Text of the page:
Game Related Tasks

Assessment Of Opposition

This provides the coaches the opportunity to see more of the opposition in the league before the upcoming matches.  It provides both coaches and players with the opportunity to identify the opposition’s main strengths and weaknesses, main ball carriers, best tacklers, best ball winners in a ruck situation.  In addition to this it can be used to identify lineout calls and plays as well as identify some of those ‘dark arts’ that they may employ in the scrum.  From a players perspective it can provide them the opportunity to identify some traits of their opposite number such as a lack of pace or a habit of taking the ball into contact.  This sort of analysis provides an opportunity that was not accessible before the recording of live games and relied on word of mouth and knowledge of coaches preferred methods and the players at their disposal.

Recording Of Game Data And Statistics During/After The Match

The use of lapsed time analysis or real-time analysis can be seen at almost every professional rugby club and at international level.  The analysts can provide the various coaches with the opportunity to see previous plays or identify weaknesses uncovered during the match.  This form of analysis can be vital to the strategies used during a match an how a coach and team alter their strategy dependent on winning or losing or other circumstances. The whole game will then be broken down by the analysis team for the coaches to review at the team meeting in the weeks preparation for the next game and provides them with the areas to work on for that week before focusing on tactics relevant to the net opposition.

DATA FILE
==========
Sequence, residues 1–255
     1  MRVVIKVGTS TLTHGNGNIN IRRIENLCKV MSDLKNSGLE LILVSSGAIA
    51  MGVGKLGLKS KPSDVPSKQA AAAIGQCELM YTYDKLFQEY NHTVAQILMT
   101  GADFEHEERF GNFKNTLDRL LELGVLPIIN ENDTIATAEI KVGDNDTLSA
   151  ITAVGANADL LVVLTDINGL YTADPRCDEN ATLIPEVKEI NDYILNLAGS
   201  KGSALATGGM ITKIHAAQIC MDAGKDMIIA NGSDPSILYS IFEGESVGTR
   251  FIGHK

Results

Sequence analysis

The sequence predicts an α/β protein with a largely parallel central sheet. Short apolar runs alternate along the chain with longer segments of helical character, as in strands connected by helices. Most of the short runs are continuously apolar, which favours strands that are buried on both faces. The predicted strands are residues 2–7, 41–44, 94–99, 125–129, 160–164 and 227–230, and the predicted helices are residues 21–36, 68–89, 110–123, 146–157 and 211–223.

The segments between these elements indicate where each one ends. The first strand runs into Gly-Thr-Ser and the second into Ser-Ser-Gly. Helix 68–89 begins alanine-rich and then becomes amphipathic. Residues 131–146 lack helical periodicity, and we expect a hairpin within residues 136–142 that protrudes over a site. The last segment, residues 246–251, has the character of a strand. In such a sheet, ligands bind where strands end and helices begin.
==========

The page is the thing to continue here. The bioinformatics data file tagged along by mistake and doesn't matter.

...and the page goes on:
Analysis Of Individual Sessions

Analysts have been able to help provide an unprecedented level of performance review seen before.  With this level of analysis the players can watch through the game themselves reviewing their decision-making and positioning during the match or ask coaches and analysts to watch alongside and help to correct their errors.  This has helped to play a vital role in player’s development through the use of peer review and self-evaluation particularly in the younger players.  In addition to this, analysts who collect their coaching badges can help to influence a player’s career.

Producing A Computerized Playbook

Another job that an analyst may perform is the creation of a ‘computerized playbook’.  This would consist of a video recording of each successful lineout, set piece move, strike moves and game strategies in loose play.  This can then be used to provide new players with the understanding of the team and save hours of training, allowing new players to move straight in to teams.  This playbook could also then be used for the next season and provides players with a knowledge of these set pieces as well as helping coaches to identify where things may be going wrong during matches and where mistakes may occur from.

Overall performance analysis and the analyst have become highly sought after members of the backroom staff. It has become an increasingly important role in not only modern rugby but also other sports in the modern day especially with the influence of statistics in performance and how teams believe they have an impact on performance.